British Dictionary definitions for stating



the condition of a person, thing, etc, with regard to main attributes
the structure, form, or constitution of somethinga solid state
any mode of existence
position in life or society; estate
ceremonious style, as befitting wealth or dignityto live in state
a sovereign political power or community
the territory occupied by such a community
the sphere of power in such a communityaffairs of state
(often capital) one of a number of areas or communities having their own governments and forming a federation under a sovereign government, as in the US
(often capital) the body politic of a particular sovereign power, esp as contrasted with a rival authority such as the Church
obsolete a class or order; estate
informal a nervous, upset, or excited condition (esp in the phrase in a state)
lie in state (of a body) to be placed on public view before burial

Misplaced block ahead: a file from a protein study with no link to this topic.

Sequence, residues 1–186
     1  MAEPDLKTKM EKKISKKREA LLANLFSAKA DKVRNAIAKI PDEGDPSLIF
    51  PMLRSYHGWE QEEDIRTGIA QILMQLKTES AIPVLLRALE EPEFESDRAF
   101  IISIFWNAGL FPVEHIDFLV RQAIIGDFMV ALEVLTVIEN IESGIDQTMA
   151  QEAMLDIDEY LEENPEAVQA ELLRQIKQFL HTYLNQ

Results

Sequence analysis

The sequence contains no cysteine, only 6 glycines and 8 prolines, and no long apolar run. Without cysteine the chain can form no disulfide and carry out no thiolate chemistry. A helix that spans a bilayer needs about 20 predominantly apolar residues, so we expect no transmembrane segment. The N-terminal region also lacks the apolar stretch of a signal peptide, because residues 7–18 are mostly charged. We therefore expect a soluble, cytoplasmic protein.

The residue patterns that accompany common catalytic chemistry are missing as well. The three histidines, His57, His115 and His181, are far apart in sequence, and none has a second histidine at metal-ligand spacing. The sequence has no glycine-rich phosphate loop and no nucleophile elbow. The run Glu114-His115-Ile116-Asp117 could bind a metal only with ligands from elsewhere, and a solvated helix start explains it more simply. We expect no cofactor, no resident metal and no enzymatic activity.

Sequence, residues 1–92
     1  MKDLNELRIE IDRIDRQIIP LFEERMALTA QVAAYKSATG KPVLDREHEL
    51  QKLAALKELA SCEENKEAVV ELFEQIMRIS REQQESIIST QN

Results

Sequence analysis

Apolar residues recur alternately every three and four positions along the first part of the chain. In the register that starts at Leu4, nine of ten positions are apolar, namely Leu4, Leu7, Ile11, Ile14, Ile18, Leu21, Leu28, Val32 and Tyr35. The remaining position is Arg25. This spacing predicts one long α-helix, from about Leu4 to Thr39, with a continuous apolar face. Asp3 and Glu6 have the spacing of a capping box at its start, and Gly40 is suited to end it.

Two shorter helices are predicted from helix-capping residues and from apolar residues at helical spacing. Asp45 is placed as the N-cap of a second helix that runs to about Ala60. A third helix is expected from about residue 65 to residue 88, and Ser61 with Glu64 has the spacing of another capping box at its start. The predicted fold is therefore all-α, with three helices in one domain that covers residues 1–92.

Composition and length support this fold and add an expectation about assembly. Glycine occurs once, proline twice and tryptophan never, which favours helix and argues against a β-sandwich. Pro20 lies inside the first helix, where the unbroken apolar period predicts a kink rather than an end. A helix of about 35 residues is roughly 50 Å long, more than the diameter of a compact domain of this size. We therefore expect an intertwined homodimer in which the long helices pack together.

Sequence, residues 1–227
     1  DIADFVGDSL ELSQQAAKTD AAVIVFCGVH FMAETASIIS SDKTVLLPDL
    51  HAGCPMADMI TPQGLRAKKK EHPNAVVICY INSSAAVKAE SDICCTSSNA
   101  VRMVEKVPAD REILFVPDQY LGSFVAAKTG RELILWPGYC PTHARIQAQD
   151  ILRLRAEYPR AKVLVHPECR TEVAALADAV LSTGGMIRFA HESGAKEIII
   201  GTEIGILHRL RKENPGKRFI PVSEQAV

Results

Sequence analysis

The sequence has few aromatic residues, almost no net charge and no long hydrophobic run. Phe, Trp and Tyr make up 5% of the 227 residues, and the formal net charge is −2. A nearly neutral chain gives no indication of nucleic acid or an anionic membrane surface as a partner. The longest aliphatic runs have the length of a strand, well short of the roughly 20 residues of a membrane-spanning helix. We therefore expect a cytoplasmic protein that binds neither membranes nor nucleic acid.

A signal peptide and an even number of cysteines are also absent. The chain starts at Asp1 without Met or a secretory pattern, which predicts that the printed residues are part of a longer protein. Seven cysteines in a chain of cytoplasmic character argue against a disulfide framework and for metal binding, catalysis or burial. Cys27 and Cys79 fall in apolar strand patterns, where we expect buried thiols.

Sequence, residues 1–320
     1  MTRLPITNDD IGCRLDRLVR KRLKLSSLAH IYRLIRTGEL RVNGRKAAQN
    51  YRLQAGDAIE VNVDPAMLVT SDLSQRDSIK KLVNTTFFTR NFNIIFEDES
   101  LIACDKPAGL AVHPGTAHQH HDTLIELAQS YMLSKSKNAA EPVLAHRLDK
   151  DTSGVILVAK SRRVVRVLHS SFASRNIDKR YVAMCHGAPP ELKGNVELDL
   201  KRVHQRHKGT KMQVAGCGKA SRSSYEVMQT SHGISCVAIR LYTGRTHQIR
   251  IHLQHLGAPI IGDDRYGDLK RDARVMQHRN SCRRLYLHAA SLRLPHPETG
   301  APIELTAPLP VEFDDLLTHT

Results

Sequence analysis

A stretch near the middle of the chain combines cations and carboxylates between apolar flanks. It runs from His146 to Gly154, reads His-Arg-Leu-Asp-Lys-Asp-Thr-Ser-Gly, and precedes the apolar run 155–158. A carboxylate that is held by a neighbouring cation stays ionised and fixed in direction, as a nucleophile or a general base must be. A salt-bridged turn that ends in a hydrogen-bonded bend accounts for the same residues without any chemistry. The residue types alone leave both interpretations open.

state of affairs a situation; present circumstances or condition
state of play the current situation


controlled or financed by a statestate university
of, relating to, or concerning the StateState trial
involving ceremony or concerned with a ceremonious occasionstate visit

verb (tr; may take a clause as object)

to articulate in words; utter
to declare formally or publiclyto state one's innocence
to resolve
Derived Formsstatable or stateable, adjectivestatehood, noun

Word Origin for state

C13: from Old French estat, from Latin status a standing, from stāre to stand
Collins English Dictionary - Complete & Unabridged 2012 Digital Edition © William Collins Sons & Co. Ltd. 1979, 1986 © HarperCollins Publishers 1998, 2000, 2003, 2005, 2006, 2007, 2009, 2012

Word Origin and History for stating



early 13c., "circumstances, temporary attributes of a person or thing, conditions," from Latin status "manner of standing, position, condition," noun of action from past participle stem of stare "to stand" from PIE root *sta- "to stand" (see stet). Some Middle English senses are via Old French estat (French état; see estate).